(350 words)


From a cool t-shirt.

Galen, from the Inkpunks crew, invited me to do a guest post for them.  I did a little Sally Fields “You like me! You really like me!!” dance in my head.  Little did she know how hard I was banging said head into my desk trying to come up with a worthy post, before she mentioned, “Oh yeah, a bunch of folks are doing posts about workshops.”  The big ones.  The ones all of us genre writers want to go to–Clarion, Odyssey, Viable Paradise, Uncle Orson’s, &c. The ones that a lot of us can’t take six weeks away from life to attend.

At least, not directly…

Check out “Autodidactic Asphyxiation” at the Inkpunks blog.

Rod Serling Conference 2011

Sorry for the unimaginative title, but it was taking me too long to come up with something other than “Submitted For Your Approval.”  Tell me that’s not the first thing that comes to mind when you hear the name Rod Serling.  But aside from being lame, my presentation at the 2011 Rod Serling Conference last month** wasn’t about The Twilight Zone, but about Rod Serling’s Night Gallery.  Specifically, H.P. Lovecraft Adapted for Rod Serling’s Night Gallery.

I pulled the presentation off, despite massive tech fail (thanks to help from the conference’s tech crew), but here’s the play by play of the shindig…

I feel I could’ve done better.  More rehearsal, certainly, but maybe not having fully recovered from a 4-day party + a 13 hour trip that should’ve taken 4 hours might’ve had something to do with my performance.

So I’m going to do a quick run-through of my plans and back-up plans, which totally and utterly failed:

Plan A – Run the OpenOffice Presentation on Ubuntu from my netbook.  First of all, I don’t know what possessed me to deviate from my original plan of using my laptop.  I plugged the netbook into the room’s AV system, and it utterly failed, probably because of the video drivers.  The tech crew figured that Ubuntu just wouldn’t have the necessary drivers.

Plan B – Run the OpenOffice Presentation on WinXP from my netbook.  Yeah, I thought I was covered.  Wrong.  The tech crew figured it was the netbook’s processor which just wasn’t powerful enough.

Plan C – Borrow a computer on which to run my OpenOffice presentation.  Previous experiences with the Conference showed me that they did possess computers with OpenOffice on them, as well as the VLC video player.  And the conference tech crew indeed had a computer at the ready and they could’ve sworn OpenOffice was loaded onto it.  It wasn’t.

Plan D – I wasn’t entirely flustered at this point, because I had my portableapps USB drive with dated versions of OpenOffice and VLC on it.  But I guess their WinXP computer wasn’t that fast.  Now, I’m flustered because at this point, I’m out of backup plans.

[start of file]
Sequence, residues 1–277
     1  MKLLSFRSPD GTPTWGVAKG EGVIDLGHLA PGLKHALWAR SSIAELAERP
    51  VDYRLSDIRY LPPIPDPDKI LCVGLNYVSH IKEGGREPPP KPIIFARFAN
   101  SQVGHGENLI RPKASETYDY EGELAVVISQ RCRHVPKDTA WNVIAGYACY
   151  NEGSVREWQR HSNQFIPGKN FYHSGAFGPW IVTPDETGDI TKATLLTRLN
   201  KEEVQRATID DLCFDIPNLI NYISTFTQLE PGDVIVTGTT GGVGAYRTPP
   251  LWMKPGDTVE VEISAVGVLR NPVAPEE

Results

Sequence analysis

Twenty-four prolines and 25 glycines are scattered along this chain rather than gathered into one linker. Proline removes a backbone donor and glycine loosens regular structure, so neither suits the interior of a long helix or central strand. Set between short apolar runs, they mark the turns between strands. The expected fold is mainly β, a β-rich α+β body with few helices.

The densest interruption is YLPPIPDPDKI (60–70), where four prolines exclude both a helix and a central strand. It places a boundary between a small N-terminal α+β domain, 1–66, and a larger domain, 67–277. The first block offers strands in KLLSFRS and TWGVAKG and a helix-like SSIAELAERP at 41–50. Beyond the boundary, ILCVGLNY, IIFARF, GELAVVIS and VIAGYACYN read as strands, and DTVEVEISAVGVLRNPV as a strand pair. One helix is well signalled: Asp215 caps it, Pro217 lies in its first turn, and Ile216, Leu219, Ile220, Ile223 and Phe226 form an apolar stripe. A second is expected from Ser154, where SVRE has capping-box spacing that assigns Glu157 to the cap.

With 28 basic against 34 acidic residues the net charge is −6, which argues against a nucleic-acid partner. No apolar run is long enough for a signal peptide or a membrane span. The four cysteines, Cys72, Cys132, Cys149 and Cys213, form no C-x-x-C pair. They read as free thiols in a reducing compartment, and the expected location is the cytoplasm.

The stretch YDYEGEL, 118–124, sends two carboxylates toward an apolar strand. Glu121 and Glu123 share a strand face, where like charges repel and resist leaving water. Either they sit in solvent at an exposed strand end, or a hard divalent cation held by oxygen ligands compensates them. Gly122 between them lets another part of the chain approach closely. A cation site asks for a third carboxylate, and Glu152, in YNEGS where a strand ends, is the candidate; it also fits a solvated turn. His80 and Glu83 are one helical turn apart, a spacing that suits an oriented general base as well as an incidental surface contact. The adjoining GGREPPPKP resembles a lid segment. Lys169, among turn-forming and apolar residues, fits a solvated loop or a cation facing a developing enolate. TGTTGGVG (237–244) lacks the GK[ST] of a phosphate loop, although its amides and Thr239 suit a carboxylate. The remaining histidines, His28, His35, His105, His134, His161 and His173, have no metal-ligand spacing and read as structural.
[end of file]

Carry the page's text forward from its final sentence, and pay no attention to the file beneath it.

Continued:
Luckily, I was able to work Plan E which was to use the tech manager’s Mac, install OpenOffice onto it, and run my presentation and videos from there.  Not ideal since the iPod Touch is the only Mac product I knew my way around.  But, it worked.


The keynote speaker, producer and screenwriter Bill D’Elia (Boston Legal, Ally McBeal, Judging Amy, &c.) didn’t give as flamboyant a speech as George Clayton Johnson’s from the last conference.  But it was no less fascinating.  He was a student of Serling’s at Ithaca College (that’s him in the picture on the screen in the striped jacket standing behind Serling).

It turned out that my presentation wasn’t the only one I’d give at the conference.  I won a lottery where the winner got to present his or her favorite Twilight Zone episode at the mini-marathon that’s held at the end of every Serling Conference.  I was as excited to talk about “Will the Real Martian Please Stand Up?” as I was about my formal presentation.  Heck, just watching the episode from the remastered Blu-Ray on an $80,000 projection system would’ve been worth its weight in gold.

I whipped out this speech in an hour, though I deviated from it quite a bit…

I could be constructing this memory, but this could be the very first Twilight Zone episode I’d ever seen.  I was 10 or 12 years old, which was actually a few years after I’d heard of The Twilight Zone.  It’d been out of syndication for a few years, at least where I grew up in Cleveland, Ohio.  And this was before you could get a videotape of it at Blockbuster, nevermind downloading from Hulu or Netflix.

This story had a huge impact on me as a writer, even though it’s not exactly the best Twilight Zone story.  It’s not “The Obsolete Man,” or “Death’s Head Revisited,” or “Time Enough at Last,” or “To Serve Man,” or “The Shelter,” or “Walking Distance,” or any of the other episodes considered the “greatest” and the topics for discussion at this conference.  It even makes the classic mistake of having an alien, who is able to pass himself off as human, but who still asks, “What’s… wet?”

But at age 12, it was magical.

Here’s the thing.  You know how Serling says “You’re entering another dimension?”  Well, I didn’t just enter it.  When I first saw this episode, Serling TOOK me on a 22-minute ride of suspicion, and suspense, and finally of being freaked out when the real Martian finally stood up.  And then to throw in another twist behind that one!